Archive for: August, 2011

Around the Web: Patent system as a threat to innovation, Google Master of the Universe, The status of science and more

Aug 31 2011 Published by under around the web

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On the evilness of the emerging ebook app ecosystem

The theme at the upcoming Science Online NYC panel is Enhanced eBooks & BookApps: the Promise and Perils and I guess I'm the perils guy. The purpose of this post is helping me to get some of my thoughts down on pixels and, as a by-product, I guess it's tipping my hand a little bit for the other participants on the panel.

This session and my role as skeptic comes out of the Science Online session on ebooks in North Carolina this past January. I believe I may have refereed to the emerging ebooks app ecosystem as "The Dark Side."

My point was not to explicitly demonize app developers or book authors, just as my somewhat over-the-top title for this post isn't meant to demonize anyone either. My beef isn't with the authors, publishers and developers themselves -- they're are understandably acting in their own self-interest. It's the ecosystem that's arising from that multitude of self-interested actions that I have a problem with, that I'd prefer not to evolve into a tragedy of the commons situation.

My hope was -- and is -- to more-than-gently prod people to think of some of the perhaps hidden downsides of relying on the app model for distributing and monetizing ebooks. In other words, the kinds of marketplaces we see emerging in the iTunes and Android app commercial developer ecosystem and which is epitomized by the app The Elements.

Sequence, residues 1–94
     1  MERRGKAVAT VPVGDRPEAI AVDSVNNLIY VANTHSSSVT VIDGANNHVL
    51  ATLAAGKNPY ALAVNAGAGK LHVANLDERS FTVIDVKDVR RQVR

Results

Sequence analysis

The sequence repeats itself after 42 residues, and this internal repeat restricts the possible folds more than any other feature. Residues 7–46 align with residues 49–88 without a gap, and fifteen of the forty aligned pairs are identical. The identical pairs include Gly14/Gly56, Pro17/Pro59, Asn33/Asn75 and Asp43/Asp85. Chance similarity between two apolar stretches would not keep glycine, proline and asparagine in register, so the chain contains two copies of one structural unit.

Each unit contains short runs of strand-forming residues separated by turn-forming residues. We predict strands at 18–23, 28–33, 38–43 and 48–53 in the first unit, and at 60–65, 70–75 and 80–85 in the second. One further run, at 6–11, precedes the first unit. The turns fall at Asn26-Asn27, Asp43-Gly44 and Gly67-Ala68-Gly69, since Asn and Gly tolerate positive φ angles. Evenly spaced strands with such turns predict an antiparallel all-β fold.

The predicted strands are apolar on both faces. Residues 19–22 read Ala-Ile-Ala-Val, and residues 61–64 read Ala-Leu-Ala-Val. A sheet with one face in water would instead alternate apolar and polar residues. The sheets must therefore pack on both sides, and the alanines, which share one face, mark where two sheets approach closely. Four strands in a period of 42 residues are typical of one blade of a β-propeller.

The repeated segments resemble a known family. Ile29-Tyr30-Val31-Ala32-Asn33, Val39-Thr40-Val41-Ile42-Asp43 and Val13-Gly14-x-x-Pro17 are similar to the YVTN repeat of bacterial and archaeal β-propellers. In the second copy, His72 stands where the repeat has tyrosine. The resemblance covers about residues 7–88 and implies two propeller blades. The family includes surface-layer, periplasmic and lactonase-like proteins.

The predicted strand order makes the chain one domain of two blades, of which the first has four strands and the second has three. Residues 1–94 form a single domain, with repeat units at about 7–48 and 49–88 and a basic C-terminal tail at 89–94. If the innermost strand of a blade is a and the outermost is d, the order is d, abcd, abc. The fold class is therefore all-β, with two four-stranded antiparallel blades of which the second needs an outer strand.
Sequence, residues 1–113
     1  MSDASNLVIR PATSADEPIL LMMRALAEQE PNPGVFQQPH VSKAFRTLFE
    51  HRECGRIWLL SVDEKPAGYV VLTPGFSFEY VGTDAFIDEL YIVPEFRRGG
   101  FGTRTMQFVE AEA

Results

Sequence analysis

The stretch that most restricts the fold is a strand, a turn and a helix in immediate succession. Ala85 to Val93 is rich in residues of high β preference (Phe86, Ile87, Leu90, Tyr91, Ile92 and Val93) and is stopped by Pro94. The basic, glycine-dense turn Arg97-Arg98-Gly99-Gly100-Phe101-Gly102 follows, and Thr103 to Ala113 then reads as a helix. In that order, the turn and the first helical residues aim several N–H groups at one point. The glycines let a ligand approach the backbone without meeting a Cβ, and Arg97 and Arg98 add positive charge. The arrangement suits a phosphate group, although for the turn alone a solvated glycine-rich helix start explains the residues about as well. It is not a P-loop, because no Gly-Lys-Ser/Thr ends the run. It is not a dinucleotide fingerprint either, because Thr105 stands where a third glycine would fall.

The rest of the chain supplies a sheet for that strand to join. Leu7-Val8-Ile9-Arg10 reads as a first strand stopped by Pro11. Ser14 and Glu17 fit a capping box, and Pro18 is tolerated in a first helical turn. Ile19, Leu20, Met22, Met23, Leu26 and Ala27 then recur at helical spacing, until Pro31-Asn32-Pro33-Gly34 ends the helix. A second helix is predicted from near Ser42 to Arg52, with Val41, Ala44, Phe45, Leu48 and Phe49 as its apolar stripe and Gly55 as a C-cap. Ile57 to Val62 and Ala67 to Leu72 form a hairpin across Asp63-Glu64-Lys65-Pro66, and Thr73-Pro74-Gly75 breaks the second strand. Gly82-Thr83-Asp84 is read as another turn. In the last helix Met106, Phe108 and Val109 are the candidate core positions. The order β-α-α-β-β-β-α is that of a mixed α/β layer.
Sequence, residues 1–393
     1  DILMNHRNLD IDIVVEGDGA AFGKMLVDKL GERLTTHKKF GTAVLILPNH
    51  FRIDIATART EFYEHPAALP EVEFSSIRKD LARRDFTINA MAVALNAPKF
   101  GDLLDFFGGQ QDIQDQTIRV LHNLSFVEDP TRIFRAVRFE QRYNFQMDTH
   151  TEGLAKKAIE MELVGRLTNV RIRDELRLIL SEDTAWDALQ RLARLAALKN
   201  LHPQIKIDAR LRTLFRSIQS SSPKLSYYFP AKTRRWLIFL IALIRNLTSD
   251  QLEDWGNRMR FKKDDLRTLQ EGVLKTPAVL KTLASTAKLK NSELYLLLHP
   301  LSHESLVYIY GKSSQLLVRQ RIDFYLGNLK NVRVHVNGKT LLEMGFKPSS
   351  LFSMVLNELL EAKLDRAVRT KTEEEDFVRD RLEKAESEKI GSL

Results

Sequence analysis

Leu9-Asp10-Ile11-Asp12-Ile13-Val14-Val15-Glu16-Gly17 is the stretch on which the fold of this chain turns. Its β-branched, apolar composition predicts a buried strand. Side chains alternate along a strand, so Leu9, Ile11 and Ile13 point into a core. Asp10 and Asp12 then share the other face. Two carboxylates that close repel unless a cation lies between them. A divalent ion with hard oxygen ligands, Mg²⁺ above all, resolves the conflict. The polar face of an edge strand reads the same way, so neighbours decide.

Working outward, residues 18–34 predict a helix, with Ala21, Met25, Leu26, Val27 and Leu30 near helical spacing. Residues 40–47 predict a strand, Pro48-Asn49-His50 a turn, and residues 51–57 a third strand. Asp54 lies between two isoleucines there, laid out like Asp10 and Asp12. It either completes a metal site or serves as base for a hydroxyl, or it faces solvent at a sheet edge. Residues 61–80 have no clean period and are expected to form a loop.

The idea is that apps are easy to monetize because they're tied to the platforms they're explicitly developed for and as such they are extremely difficult to pirate and share illegally. In other words, if you want to read The Elements, you more or less have to buy it for your iPhone or iPad. You can't download it illegally, you can't borrow a copy from a friend or from the library unless your friend or your library are also willing to lend you their device. (Like my library, for example. We have an iPad loaded with The Elements and other apps that we lend out.) (And no offense meant by using The Elements as my example, it's just a good exemplar.)

Which is great. For developers, the sky is the limit creativity-wise and for the owners of the content the business model is very easy to understand. It's just like physical books except there's no pesky first sale rights to ruin it for everyone.

Plus, the people who buy your app don't really own it in any meaningful way. Like I said, they can't easily resell it, lend it, donate it or share it. In fact, it could break and be unusable for the "owners" at any time due to an operating system upgrade or if some online piece stops working.

In the longer term, it's not clear how apps such as The Elements could follow their owners to new platforms or new devices. Certainly the content for something like The Elements could have a very long lifetime, say even fifteen or twenty years. If you bought it today what do you think the likelihood is you'll be able to access it in that time frame. It's like if book publishers could make you use their proprietary glasses to read their books.

We have print books in our library that are hundreds of years old and are just as readable today as they were back then. Similarly, many digitization projects have uploaded public domain (and other) content into the cloud. These books have a long life ahead of them -- many of them exist in stable archives in formats that can be preserved over a very long term. It's hard to see how the apps that are being created in such a rush today will have the opportunity for such a long life.

Will someone be able to read and study The Elements five years from now? Ten? A hundred? Five hundred? And not just the content, of course, but as a artifact in the evolution of books over time.

So, what would I like to see in an ebook ecosystem?